Character Conversation Dice – a family dinner game to get your conversations rolling
Use Life Dice or conversation dice as a family dinner game. It is both fun to play and creates connections between people of all ages. Not only are they are great for family dinner conversations, but can also be used in classrooms, and for team-building activities.
You get two rustic wooden dice. One has six conversation-starting questions, and the other tells the player how to answer in a quirky way, which adds to the fun.
The two 1.25″ cubes feel smooth and fit nicely in your hand to roll. They come in a mesh bag with the following instructions:
The dice were carefully designed to facilitate meaningful interactions in three ways:
1) They provide a playful structure that shifts control away from parents, teachers or team-leaders and into the hands of participants.
Not knowing what the question will be or how they will be asked to answer adds mystery and excitement to the conversation. Putting control of the questions literally in the hands of the participant gives them a sense of ownership and breaks down resistance to sharing. The possibility of being able to ask someone else to answer adds to the suspense for everyone.
2) They promote self-discovery and meaningful sharing by asking questions that focus on virtues and character strengths.
The questions asked have been carefully selected to encourage participants to view their days through the lens of virtues, character and service both the day past and the days to come.
What is the best thing that happened to me today?
This question invites us to reflect on our day looking for the positive.
What am I grateful for today?
Expressing gratitude for both big and small favors has been proven by research to increase life satisfaction and happiness while reducing depression.
What was challenging for me today?
We all face challenges. Sharing them and hearing them shared reminds us that we are not alone. This encourages people to consult together on how to master challenging situations and helps us develop and strengthen problem solving skills.
Whose heart did I cheer today?
Happiness is the result of experiencing virtues such as kindness, generosity and compassion, and this happiness is bestowed equally on both the giver and the receiver of these blessings! Answering this question is sure to reinforce this awareness.
How was I of service today?
Service is virtue in action. Reflecting on our service helps us identify our strengths, gain a sense of purpose, and see ourselves in relation to something outside of ourselves. These are three things that happiness researchers have identified as essential for life-long happiness.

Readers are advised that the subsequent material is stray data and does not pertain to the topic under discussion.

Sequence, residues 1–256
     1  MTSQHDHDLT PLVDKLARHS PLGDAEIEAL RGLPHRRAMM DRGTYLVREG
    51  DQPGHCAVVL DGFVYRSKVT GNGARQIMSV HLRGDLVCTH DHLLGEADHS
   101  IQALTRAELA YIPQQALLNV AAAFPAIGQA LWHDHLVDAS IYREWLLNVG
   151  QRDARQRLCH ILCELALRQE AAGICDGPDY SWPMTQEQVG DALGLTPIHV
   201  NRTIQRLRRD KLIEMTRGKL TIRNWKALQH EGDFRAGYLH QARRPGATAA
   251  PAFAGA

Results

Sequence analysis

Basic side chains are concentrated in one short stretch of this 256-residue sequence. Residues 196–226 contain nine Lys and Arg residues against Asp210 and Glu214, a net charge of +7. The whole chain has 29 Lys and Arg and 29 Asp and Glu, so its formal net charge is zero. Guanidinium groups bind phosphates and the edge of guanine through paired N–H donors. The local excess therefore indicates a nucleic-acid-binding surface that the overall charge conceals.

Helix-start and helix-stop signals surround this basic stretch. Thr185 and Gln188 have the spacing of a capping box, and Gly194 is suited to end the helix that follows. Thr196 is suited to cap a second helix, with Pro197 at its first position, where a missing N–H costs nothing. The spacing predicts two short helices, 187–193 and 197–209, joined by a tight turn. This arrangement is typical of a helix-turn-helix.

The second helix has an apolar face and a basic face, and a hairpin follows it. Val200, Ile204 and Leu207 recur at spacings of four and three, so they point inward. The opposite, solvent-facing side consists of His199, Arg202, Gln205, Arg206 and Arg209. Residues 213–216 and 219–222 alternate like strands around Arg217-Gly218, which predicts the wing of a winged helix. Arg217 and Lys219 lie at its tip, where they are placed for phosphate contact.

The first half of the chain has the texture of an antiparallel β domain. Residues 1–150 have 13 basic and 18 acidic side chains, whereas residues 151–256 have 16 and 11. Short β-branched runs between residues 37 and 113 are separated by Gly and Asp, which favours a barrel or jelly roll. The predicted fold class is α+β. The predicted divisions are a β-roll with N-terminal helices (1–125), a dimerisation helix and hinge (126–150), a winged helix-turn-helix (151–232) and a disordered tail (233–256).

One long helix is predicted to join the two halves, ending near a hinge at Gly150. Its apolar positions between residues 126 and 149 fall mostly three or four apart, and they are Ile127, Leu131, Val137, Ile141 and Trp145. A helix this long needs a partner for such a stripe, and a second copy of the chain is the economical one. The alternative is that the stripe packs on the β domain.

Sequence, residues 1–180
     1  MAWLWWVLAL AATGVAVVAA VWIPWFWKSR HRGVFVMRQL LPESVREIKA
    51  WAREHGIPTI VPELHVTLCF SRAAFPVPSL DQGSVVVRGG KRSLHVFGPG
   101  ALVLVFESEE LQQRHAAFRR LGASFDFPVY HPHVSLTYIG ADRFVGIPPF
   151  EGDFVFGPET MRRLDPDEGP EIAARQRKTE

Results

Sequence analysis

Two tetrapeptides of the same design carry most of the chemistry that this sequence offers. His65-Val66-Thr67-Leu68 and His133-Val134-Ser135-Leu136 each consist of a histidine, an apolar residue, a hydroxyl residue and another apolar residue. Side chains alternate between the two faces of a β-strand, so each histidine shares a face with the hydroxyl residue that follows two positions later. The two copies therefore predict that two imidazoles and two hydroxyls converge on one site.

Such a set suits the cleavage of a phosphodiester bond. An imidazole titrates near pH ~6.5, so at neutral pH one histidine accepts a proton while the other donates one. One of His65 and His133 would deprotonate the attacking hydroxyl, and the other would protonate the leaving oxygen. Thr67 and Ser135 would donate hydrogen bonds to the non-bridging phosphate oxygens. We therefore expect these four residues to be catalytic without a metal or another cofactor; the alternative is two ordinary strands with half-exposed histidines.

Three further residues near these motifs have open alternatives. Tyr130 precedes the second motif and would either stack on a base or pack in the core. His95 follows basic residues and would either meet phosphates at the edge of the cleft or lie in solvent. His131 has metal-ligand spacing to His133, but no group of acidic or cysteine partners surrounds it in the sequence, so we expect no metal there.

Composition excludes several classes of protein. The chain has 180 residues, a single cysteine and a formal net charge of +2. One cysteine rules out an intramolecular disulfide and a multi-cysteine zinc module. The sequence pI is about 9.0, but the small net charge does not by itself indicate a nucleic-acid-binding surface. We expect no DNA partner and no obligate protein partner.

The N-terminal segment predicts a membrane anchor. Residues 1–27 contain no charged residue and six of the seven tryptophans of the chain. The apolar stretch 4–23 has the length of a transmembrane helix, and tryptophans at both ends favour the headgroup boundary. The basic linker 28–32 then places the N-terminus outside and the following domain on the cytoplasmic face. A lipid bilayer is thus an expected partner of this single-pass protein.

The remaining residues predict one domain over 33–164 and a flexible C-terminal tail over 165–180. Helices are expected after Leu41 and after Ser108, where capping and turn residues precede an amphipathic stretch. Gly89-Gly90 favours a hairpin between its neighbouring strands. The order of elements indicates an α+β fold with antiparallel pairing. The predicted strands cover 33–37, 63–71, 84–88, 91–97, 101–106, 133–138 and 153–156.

What did I learn today?
We never stop learning. Whether we are playing with our family, students, or other adults, this question invites us to reconnect with the wonder of discovering something new, and the joy of sharing our discovery with someone else. When learning is the result of making a mistake, we learn humility, perseverance and grace.
3) They invite the mind, heart and body to be fully present in the process.
They say that over half of communication is non-verbal. While this game will not teach body language skills, it will help you become very aware of how changes in your voice and body position change how it feels to communicate. You will experience the difference between being loud or soft, singing or speaking, sitting or standing, eyes open or closed. While this might seem like the “silly” part of the game, understanding the kinesthetic aspect of communication is important.
Perhaps the most interesting side of either die is the one that says “choose someone to answer.” On one hand, it could be perceived as an opportunity to reward or punish someone else in the game ]. On the other hand, it is a request to pass the baton to someone else. Keeping quiet and letting someone else speak might be the most important skill this game can teach.
When to Play:
Life Dice can be used by an individual as an end-of-day activity, or played with as many people of all ages as you have time for (you don’t want to leave anyone out). It is especially useful for starting family dinner conversations, as a get-to-know-you activity at the beginning of a class, and as a team-building exercise for adults.
How to Play:
Roll both conversation dice together (small children can roll them separately). Then answer the question on the first die, following the directions from the second die. When playing as a family dinner game, be careful not to roll them into your food. When done, pass the dice and let another person have a turn. Play until everyone has had at least one turn (no exceptions), or until you get tired. That’s it. Have fun!